Johan watched on, silently collecting shell fragments as /Ururgab knelt before the find. Johan had found an ostrich feather which he had now placed in his hair, seemingly as a sign of respectful acknowledgement for the find – but maybe it was just because it looked cool.
/Urugab continued to dig carefully with his hands, finding more shells and coming to the conclusion that this nest must have been used at least twice previously. Perched atop of the dune is a prime spot for a nesting Ostrich because they have a better chance of detecting any would-be predators.
/Urugab said it was important that he must protect this spot.
Interestingly, this protection would actually be to ward off fellow Bushman who may come to visit this area. But the form of that protection was extraordinary: /Urugab said that when he returned home to his community area, he would pull out the bag of bones which they use to perform ritual. Along with a particular ‘power plant’ which they call ‘Witvergeet’ (‘White Forget’), it would be used to communicate with unseen and heavenly forces so as to protect the spot.
How it would work in practice is that when another Bushman would be intuitively headed toward the same spot, the Witvergeet would essentially intervene and cause the approaching person to have a ‘blank’ or forget why he felt he should be headed in that direction. He would subsequently turn around and go the other way, thus keeping the spot safe from other’s hands.
It was not meant to be a selfish action: /Urugab said that in using Witvergeet it would protect the sanctity of the place for other Bushmen who may visit. Khomani San knowledge and ethics were rapidly being eroded and /Ururgab decided this place needed to be kept as special as it was for the generations before him, and similarly preserving that for the generations after him.
Embedded in this whole episode were three powerful insights:
- A genuine ethic of sustainability in tending the land;
- A matter-of-factness or practical understanding of ‘oneness’ which allows for communication on different levels (telepathically or by invoking other energies and unseen forces); and
- A continuous state of humbled respect and gratitude.
People these days proffer much rhetoric about ‘respecting the environment’ – myself included. But until I was in the company of these diminutive Bushmen, I can say I did not really understand what real respect is. It is not just an intellectual vocalization which chirps “We respect the environment”. For these Khomani San out here under the Kalahari sun, there is a respectful presence in every word, in every movement of their body, in every gesture. Their respect also manifests as a gentleness which is evident when tending the fire, gathering feathers, digging up edible roots, or observing tracks whether made by cheetahs or ants. There is respectful dialogue with the rising sun which ushers away the cold winter nights. And respect comprises tangible and intangible actions: the notion of giving back when taking anything from nature is implicit. We were all permitted to take some Ostrich shells, but we too needed to give back.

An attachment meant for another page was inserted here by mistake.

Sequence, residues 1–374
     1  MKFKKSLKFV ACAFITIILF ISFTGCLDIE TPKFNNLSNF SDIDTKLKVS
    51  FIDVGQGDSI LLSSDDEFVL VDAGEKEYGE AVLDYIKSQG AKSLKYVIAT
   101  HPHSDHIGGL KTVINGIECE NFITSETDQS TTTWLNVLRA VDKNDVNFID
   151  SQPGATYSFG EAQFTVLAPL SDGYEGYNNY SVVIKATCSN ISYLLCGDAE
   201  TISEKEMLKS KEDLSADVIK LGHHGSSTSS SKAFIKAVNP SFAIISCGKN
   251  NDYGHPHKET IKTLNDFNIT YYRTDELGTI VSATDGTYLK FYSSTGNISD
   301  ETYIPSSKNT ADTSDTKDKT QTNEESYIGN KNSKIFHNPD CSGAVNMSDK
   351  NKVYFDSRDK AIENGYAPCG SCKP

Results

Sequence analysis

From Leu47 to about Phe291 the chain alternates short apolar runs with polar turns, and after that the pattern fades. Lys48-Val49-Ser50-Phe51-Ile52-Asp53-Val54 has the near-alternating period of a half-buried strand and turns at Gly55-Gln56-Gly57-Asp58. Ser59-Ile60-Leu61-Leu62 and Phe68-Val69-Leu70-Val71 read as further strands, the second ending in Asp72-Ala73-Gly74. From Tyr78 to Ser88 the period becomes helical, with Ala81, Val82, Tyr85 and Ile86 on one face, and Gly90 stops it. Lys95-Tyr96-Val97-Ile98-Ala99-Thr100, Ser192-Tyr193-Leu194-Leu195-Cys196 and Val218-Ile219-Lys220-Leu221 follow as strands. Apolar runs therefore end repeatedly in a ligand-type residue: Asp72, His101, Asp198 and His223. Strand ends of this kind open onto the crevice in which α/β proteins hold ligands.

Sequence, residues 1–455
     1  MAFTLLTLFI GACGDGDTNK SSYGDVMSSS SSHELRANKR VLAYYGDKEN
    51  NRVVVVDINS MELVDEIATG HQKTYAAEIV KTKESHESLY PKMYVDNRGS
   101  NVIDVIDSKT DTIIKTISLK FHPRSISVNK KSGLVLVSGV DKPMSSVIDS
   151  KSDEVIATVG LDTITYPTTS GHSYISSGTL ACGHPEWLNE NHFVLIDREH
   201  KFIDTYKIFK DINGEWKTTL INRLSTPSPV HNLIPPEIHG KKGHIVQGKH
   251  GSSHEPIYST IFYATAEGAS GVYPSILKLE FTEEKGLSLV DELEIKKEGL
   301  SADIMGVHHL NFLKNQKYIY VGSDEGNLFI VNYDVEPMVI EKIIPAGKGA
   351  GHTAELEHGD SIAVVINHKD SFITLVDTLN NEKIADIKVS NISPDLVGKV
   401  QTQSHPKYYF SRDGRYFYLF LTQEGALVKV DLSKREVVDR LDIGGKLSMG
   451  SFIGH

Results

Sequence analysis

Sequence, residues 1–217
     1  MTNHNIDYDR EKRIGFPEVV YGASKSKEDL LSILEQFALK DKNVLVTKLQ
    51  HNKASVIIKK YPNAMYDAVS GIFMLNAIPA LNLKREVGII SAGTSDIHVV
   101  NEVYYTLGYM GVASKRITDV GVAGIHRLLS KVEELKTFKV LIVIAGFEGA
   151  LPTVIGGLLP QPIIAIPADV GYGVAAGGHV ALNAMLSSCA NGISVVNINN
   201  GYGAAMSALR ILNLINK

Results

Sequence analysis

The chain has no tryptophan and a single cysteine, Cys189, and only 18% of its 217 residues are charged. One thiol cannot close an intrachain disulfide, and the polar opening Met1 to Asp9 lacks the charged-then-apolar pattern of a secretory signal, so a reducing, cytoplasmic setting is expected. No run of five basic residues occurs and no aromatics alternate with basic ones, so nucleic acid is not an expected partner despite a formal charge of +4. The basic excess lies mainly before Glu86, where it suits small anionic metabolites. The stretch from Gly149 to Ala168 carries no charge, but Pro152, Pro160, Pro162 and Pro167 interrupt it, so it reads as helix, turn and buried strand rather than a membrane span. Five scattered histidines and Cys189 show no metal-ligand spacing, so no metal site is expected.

/Ururgab gave some of his saliva, I pulled a strand of my hair (based on what I had seen the Bushmen do a day earlier), and my brother innovatively created a miniature shrine-like structure from scattered twigs. This find became momentous and emotional for all of us, particularly as we gradually digested the stories which arose about how important it was to /Urugab and Johan, and, amazingly, how it all was perceived to have been foretold by the presence of the Praying Mantis, and all the subsequent connected events which built up to this moment. And of course how intuition seemed to be guiding /Urugab the whole way.
The Ultimate Find +
Just as we were all departing the scene together, something pulled /Urugab in the other direction and he continued to walk to the left, along the top of the dune. As if we were not already reeling from his spectacular find, /Urugab managed to uncover two perfectly intact egg shell halves from under the sand. A stunning gift! /Urugab added these to his collection of shell fragments he was carrying in his cap.
That seemed the most fitting conclusion – words could do little more to emphasise it – and we continued our silent reflective walk back to our camp.
It was already a remarkable day and it was only mid-morning. The amusing thing was that that morning I had been interrogating myself about whether I should be better preparing for these days in the Kalahari. This was related to my research on meaningful nature experiences – whilst this trip was not a formal component, I nevertheless wondered if I should have been giving thought to specific questions for the Bushmen, so as to get the most out of this trip.